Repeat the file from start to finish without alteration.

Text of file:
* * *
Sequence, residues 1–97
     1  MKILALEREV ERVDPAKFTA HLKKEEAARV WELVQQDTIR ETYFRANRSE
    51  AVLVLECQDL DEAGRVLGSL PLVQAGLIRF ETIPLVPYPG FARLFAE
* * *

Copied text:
Sequence, residues 1–97
     1  MKILALEREV ERVDPAKFTA HLKKEEAARV WELVQQDTIR ETYFRANRSE
    51  AVLVLECQDL DEAGRVLGSL PLVQAGLIRF ETIPLVPYPG FARLFAE